PHD-Ob-T2DProject reference: 221684
Funded under :
STUDY THE ROLE OF OXYGEN SENSORS PROLYL HYDROXYLASE DOMAIN (PHD) PROTEIN IN OBESITY AND TYPE II DIABETES
Total cost:EUR 164 886,6
EU contribution:EUR 164 886,6
Topic(s):PEOPLE-2007-2-1.IEF - Marie Curie Action: "Intra-European Fellowships for Career Development"
Call for proposal:FP7-PEOPLE-2007-2-1-IEFSee other projects for this call
Funding scheme:MC-IEF - Intra-European Fellowships (IEF)
Various alterations of metabolism are a central characteristic of physiological disorders and diseases, including cancer, obesity, type 2 diabetes (T2D) and the metabolic syndrome (MS) and are as such a major burden on national budgets. Thus, there is an urgent need to further understand the various processes that determine the occurence of metabolic alterations, predominantly obesity and T2D and to develop strategies to provide therapeutic aid. Several intrinsic factors either predetermine or correlate with the occurence of obesity and the development of T2D and MS. Our laboratory has recently reported a yet unidentified role of the mammalian oxygen sensor PHD1 in the control of glucose homeostasis by phenotyping PHD1 knockout mice. In detail, loss of PHD1 lowers oxygen consumption in skeletal muscle by shifting glucose metabolism from oxidative to more anaerobic ATP production which impairs oxidative muscle performance in healthy conditions, but induces hypoxia tolerance and protects myofibers against lethal ischemia. In addition, novel findings suggest a correlation between PHD1 and intrinsic obesity and T2D related factors. To extend our studies on PHD specific metabolic alterations we will utilize several in the lab made transgenic PHD mice to address the followong issues (i) assess obesity and T2D related changes in lipid and glucose homeostasis in mice lacking each of the PHDs either constitutively or specifically in key metabolic tissues by comparing various metabolic parameters before and after administration of a high fat diet (ii) determine the consequences of loss of PHD function in pancreatic ß-cell physiology, insulin signalling and glucose tolerance using a mouse model of dietary induced diabetes and (iii) determine whether loss of PHD function might have any potential for pharmaceutical intervention by intercrossing our PHD deficient mouse strains with well established mouse models to study obesity and obesity related disorders such as T2D and MS.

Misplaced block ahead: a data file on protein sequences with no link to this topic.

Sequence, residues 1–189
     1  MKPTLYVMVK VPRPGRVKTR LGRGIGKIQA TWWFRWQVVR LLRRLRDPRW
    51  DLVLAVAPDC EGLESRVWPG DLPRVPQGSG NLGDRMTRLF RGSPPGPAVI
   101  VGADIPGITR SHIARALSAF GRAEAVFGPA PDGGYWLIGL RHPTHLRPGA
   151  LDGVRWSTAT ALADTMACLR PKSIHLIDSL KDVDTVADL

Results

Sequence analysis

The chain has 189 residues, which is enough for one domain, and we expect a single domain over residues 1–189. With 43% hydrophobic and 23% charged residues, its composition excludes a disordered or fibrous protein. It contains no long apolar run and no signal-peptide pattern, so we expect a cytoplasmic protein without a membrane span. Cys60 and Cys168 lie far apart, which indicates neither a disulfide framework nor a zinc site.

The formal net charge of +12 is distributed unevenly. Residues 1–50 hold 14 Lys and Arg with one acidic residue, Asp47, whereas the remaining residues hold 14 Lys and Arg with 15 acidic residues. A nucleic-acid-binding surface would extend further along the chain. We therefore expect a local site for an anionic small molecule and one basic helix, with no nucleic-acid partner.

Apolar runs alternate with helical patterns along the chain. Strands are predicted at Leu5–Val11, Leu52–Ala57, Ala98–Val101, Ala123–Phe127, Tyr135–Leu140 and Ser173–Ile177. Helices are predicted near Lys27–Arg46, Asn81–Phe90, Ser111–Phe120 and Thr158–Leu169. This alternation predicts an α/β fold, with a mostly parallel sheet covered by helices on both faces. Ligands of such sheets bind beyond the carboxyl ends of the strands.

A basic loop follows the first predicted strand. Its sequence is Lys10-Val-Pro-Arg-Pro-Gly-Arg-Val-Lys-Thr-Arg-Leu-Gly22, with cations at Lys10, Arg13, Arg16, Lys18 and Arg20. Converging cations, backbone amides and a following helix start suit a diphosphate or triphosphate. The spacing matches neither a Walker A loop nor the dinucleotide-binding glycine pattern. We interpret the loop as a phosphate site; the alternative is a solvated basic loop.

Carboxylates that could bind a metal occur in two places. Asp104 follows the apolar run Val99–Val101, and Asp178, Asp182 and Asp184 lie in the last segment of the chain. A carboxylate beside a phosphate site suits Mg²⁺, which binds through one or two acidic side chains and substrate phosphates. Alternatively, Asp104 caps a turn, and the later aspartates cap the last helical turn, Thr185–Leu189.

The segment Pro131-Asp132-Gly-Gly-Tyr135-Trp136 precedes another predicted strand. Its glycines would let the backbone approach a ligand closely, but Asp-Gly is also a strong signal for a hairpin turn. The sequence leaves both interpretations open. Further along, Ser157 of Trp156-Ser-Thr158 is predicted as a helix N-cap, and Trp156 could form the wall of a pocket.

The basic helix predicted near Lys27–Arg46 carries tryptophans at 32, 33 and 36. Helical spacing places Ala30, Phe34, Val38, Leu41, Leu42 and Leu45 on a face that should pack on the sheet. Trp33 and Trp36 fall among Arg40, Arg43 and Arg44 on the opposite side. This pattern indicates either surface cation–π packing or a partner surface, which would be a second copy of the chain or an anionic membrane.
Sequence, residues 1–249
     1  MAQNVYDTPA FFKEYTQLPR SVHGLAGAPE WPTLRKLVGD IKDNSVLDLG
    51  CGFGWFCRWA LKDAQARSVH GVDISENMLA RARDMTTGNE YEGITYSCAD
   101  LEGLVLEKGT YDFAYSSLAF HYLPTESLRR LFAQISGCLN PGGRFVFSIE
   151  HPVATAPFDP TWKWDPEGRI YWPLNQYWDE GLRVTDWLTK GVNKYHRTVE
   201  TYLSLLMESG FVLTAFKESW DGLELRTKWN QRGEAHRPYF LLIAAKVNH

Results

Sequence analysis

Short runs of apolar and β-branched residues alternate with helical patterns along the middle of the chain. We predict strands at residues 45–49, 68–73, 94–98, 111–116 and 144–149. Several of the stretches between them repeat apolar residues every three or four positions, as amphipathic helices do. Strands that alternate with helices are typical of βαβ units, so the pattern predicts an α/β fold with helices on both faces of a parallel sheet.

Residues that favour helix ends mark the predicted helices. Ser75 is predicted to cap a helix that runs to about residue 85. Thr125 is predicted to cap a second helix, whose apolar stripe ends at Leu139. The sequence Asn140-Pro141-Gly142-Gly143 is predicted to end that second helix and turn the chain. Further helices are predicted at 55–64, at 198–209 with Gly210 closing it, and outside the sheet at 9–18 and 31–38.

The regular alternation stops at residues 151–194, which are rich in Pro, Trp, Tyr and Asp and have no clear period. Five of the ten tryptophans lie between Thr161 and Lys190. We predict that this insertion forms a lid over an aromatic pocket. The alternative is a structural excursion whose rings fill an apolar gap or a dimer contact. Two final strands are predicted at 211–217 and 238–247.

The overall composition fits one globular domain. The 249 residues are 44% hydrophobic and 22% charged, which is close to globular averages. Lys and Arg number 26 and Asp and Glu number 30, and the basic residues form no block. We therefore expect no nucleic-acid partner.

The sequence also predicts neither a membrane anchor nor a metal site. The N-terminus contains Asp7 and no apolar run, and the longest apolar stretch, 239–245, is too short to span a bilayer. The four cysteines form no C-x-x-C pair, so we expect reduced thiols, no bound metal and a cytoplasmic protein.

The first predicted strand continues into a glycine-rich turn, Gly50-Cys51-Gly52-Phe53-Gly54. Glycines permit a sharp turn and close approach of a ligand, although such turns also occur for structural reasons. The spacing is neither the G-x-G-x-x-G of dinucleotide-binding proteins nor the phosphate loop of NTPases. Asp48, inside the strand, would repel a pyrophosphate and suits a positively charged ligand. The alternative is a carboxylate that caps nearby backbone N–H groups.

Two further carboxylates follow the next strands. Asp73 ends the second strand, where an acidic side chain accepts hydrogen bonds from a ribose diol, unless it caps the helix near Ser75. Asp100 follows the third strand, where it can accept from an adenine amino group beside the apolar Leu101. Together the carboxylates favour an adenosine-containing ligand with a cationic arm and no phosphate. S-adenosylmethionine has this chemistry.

9052 ZWIJNAARDE - GENT